Dialogue from an interview with Brenna Crowley.
“To me what makes a really good theatrical belly dance performance is actually to put the theatrics in it, just not to make it a regular belly dance routine. I like seeing really extravagant costuming; I like seeing them play with the lighting and staging; to have, you know, use whatever they have available to them to make it a really creative atmosphere surrounding their dance, to help them with whatever the story it is that they are telling with that performance.”
“I always like seeing a story being played out. I like seeing the character being shown through their movements, which is not necessarily and does not always have to be strictly belly dance throughout – I like seeing theatrical belly dance performances that have movement influences from other dance styles that cater to the character that they are trying to portray, but still is rooted in belly dance. And also especially with the costuming, I think they really need to invest a significant amount of thought and time into what they are wearing, for a theatrical belly dance performance. I don’t just want to see a regular outfit. I want to see something that’s going to be a – wow! That looks amazing or that really exemplifies the character that they are trying to do or the story they are trying to tell. Then it sets them apart from anything that’s just kind of more of a mainstream type of performance. So, definitely I like seeing a story, I like seeing the costuming, I like seeing the use of atmosphere whether it’s to do with lighting, or they bring props with them or something. So something to really make it much more dramatic and much bigger than something which is just considered to be a mainstream performance.”
– “To me, to make a very good theatrical belly dance performance, I think the dancer has to invest a significant amount of time in creating the character. She needs to think about how the character’s going to behave in her story-line, as she creates her story line. Think about the movements. Don’t just generate a regular hip roll but how would the character develop this hip roll and how would this character own the hip roll? Or the chest lift or the chest circle, or whatever our movements are as we deliver them in the commercial performance, but make them as a character.”
“Of course they have to have a beginning, middle and end, a climax and a storyline, but I really feel that for a belly dance performance to become theatrical, the dancer really has to put a significant amount of thought behind the character and the storyline.”
Sarah Skinner online – “I absolutely love doing theatrical shows. It is something that is completely different than my money making shows. In my money making shows I am entertaining, I’m having fun and you are usually dancing in a very small space and you are usually filling a particular role. When it’s a theatrical performance, I get to decide and I get to own the entire stage. We have this entire platform, to create a whole new environment and do whatever I please.”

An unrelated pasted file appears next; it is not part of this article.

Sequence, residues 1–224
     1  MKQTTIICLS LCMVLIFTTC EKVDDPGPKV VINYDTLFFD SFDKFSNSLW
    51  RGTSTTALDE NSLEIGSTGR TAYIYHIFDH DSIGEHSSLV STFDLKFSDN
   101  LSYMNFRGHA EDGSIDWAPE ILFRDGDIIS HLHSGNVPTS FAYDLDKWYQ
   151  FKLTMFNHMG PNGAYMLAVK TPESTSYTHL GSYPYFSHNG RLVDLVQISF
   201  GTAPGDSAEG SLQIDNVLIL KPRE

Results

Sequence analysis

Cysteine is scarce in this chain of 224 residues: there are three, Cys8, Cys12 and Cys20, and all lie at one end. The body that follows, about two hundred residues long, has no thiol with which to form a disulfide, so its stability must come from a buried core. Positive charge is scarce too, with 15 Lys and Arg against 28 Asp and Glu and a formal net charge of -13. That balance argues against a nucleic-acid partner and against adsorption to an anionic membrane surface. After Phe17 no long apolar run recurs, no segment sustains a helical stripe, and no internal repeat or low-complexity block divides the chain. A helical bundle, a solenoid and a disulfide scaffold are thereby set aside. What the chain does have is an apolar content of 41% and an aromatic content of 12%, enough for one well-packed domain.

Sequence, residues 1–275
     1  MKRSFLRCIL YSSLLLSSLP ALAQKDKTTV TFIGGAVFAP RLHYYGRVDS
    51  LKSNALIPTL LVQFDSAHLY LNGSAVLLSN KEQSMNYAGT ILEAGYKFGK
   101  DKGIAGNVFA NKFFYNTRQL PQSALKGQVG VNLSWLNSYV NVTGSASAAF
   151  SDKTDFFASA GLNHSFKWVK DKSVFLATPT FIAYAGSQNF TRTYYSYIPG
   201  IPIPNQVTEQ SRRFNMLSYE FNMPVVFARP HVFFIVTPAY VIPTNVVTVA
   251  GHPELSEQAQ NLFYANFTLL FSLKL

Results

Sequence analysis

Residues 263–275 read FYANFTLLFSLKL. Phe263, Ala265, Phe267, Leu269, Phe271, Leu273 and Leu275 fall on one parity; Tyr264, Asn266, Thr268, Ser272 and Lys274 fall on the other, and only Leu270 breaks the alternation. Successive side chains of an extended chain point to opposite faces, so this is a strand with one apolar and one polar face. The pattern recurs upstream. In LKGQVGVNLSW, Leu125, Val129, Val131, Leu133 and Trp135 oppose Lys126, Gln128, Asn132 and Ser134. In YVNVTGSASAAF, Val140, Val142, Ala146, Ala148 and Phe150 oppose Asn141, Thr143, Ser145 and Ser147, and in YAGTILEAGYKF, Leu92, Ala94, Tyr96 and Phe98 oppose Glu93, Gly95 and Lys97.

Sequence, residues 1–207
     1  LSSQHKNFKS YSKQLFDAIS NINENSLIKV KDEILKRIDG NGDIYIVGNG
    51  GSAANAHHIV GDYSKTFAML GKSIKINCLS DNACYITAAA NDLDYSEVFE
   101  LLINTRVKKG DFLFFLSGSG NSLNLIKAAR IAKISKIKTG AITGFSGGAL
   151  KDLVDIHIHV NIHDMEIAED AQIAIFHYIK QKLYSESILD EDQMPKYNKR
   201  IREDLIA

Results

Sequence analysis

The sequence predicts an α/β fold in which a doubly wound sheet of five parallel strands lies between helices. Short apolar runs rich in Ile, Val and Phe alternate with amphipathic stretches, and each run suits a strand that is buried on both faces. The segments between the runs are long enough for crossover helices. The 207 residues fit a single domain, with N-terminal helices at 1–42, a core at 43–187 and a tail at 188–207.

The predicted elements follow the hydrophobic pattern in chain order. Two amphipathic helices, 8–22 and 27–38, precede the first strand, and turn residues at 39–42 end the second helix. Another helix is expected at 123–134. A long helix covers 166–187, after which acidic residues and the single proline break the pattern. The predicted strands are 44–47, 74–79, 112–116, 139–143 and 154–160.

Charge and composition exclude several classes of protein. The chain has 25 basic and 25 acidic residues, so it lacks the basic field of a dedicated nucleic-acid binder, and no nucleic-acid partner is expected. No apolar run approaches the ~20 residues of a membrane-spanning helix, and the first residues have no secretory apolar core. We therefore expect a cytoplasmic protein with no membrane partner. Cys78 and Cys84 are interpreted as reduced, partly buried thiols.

“It can be a huge long story, or something sweet and romantic. You create the entire environment! From the lighting, the music, the costumes. All these things you get to craft, design and set. You are in complete control and bringing your audience through a joyous journey with you. So it’s so exciting to have that kind of control and with that amazing opportunity that you get to be on stage, take full advantage. You have an entire stage. You are not confined to a little spot in a restaurant – you have a stage. Own it! When you are planning out the choreography, you get to use that entire space. Really chew it up and have an enjoyment of the whole thing”
“You get to design a costume that perfectly fits that mood. I always spend more time crafting my theatrical costumes, rather than my show ones. My show ones are very commercial, you know that everybody in going to be will be pleased with it, but a theatrical costume had 3D C-beaded daisies all over my costume, it can be so much fun and whimsical or some elaborate multi-layered piece that you would never bother dragging to a (commercial) show and putting on all of the different bits necessarily. So, I love being able to design the costumes, then you get to have the lighting”
“A key component with everything (in these shows) is great music! Something that is going to really bring the mood into the performance. If you have a great lighting designer then even better, you can have great lights. Every little element to a theater production you get to control and deliver to your audience. It’s so much fun. If you ever have the opportunity. Do it!”
Sarah Skinner has also made many very useful belly dance instructional DVDs, you can click here to see a list of Sarah Skinner’s DVDs
I own the one about veils and I have found it very useful, I have learnt a lot from it. I find Sarah a very good teacher, very clear and very passionate about her subject. Her style is very graceful and harmonious.